BY DAN MIHALOPOULOS Staff Reporter firstname.lastname@example.org April 5, 2013 2:00PM
A bitter loss for a labor union that’s feuding with Mayor Rahm Emanuel has turned into gain for some of Emanuel’s best friends in organized labor.
Janitors’ union leaders complained that 300 members lost their jobs a few days before Christmas because Emanuel signed a $99.4 million deal with a new contractor to clean O’Hare Airport. Now, the replacement airport janitors have joined the Teamsters — one of the few unions that supported Emanuel’s 2011 mayoral campaign.
SEIU leaders — who were neutral in the 2011 mayor’s race and have since criticized Emanuel frequently — filed a complaint Thursday with the National Labor Relations Board. They say the city’s new airport janitorial contractor, United Maintenance Cos. Inc., “unlawfully coerced” its airport employees to become Teamsters.
Nora Kelley, chief of staff at SEIU Local 1, said United Maintenance and city officials refused to arrange access to the workers for SEIU to try to organize them. “Instead, they granted preferential access” to the Teamsters, Kelley said.
A Teamsters spokesman did not return calls seeking comment, but United Maintenance lawyer Thomas Mandler said the company’s O’Hare workers voted earlier this week to join Teamsters Local 727. Mandler said city officials played no role in negotiations.
Asked about charges that City Hall favored the Teamsters, Emanuel spokeswoman Sarah Hamilton replied in an email that the matter is “a dispute between two labor organizations.” She added that the city “supports the rights of the employees of United Maintenance to bargain collectively.”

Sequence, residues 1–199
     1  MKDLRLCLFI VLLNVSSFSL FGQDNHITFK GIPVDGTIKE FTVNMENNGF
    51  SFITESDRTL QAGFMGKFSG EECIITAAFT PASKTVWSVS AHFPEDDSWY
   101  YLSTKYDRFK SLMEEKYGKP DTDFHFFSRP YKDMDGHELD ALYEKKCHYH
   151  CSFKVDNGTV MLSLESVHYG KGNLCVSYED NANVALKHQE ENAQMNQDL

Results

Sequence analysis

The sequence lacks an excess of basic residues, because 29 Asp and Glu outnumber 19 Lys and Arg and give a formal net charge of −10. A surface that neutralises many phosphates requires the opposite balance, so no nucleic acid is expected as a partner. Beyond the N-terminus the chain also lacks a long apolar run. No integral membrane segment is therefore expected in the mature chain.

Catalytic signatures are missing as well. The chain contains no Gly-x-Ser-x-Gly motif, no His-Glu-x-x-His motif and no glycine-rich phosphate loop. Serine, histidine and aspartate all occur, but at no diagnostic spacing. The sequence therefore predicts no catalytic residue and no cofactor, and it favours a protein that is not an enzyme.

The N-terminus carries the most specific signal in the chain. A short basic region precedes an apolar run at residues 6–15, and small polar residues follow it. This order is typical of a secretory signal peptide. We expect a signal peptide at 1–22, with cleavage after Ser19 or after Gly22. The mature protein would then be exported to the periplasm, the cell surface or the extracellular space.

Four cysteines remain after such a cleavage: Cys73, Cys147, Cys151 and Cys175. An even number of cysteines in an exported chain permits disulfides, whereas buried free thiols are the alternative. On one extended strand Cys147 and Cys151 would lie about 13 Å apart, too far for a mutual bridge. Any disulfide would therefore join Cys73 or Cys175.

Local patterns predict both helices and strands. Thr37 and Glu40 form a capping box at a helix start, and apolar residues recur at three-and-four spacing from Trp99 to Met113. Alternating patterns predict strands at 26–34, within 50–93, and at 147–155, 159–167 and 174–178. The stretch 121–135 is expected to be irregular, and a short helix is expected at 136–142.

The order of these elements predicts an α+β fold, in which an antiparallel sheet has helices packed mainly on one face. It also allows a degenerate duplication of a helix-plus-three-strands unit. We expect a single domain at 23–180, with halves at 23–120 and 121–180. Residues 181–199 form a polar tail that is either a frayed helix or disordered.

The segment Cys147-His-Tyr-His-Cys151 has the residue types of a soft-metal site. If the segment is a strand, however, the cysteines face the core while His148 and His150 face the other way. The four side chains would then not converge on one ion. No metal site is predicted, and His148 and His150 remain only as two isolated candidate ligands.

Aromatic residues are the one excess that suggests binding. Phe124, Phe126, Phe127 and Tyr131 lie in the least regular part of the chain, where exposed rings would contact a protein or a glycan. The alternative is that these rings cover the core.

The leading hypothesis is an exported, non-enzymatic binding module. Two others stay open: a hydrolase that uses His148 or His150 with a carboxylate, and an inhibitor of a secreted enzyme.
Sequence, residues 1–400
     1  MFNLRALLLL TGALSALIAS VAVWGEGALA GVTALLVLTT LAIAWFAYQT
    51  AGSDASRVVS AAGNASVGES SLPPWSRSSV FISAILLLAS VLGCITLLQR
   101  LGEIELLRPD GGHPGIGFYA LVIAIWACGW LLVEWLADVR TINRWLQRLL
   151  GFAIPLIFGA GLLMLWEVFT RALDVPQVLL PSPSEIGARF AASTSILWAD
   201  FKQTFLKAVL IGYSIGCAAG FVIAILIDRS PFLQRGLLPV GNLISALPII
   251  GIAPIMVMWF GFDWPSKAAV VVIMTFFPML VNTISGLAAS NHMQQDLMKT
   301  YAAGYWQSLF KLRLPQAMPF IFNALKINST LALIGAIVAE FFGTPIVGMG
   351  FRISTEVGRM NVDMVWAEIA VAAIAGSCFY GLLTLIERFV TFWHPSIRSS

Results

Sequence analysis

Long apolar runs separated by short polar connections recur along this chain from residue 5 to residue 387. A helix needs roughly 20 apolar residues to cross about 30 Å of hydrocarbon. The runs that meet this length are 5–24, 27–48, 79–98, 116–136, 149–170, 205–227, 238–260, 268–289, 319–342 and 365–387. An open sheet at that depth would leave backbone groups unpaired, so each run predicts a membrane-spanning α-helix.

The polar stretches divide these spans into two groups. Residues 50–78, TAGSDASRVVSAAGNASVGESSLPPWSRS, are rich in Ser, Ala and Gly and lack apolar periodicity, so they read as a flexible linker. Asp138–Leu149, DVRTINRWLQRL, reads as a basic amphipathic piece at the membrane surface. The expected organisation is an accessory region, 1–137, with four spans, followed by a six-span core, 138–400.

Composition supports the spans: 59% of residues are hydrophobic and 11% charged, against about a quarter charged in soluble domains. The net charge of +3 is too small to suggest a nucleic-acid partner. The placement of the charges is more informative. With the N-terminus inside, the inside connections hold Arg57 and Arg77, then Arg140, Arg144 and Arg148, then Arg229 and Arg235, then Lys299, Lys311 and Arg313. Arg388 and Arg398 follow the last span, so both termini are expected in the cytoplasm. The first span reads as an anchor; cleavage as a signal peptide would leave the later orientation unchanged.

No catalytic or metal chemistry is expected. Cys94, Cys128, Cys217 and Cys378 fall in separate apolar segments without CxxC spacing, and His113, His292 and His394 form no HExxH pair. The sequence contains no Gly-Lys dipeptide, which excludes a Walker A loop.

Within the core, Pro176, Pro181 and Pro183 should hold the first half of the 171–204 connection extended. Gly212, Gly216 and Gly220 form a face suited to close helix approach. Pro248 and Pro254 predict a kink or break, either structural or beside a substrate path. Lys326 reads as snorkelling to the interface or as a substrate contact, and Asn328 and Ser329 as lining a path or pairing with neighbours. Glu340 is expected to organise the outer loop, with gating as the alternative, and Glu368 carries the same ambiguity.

During the 2011 mayoral campaign, as many of the largest public employees’ unions opposed Emanuel, he received a key endorsement from Teamsters leader John Coli.
United Maintenance CEO Richard Simon also is well-acquainted with the Teamsters. A review board appointed to root out corruption and mob influence in the Teamsters alleged in 2002 that Simon colluded with union bosses, including William Hogan Jr., to undermine the union’s contract in Las Vegas.
After the five-year O’Hare contract took effect in December, five aldermen asked Inspector General Joseph Ferguson to investigate. They cited a Chicago Sun-Times story that revealed how Simon sold a 50 percent stake in United Maintenance but did not report the ownership change to Emanuel administration officials for a year. That could have been grounds for voiding the contract, but Emanuel aides chose not to punish United Maintenance.
The mayor also shrugged off Simon’s business ties to an alleged organized-crime figure and United Maintenance’s employment of an executive who was indicted with the late Outfit boss Anthony “Big Tuna” Accardo.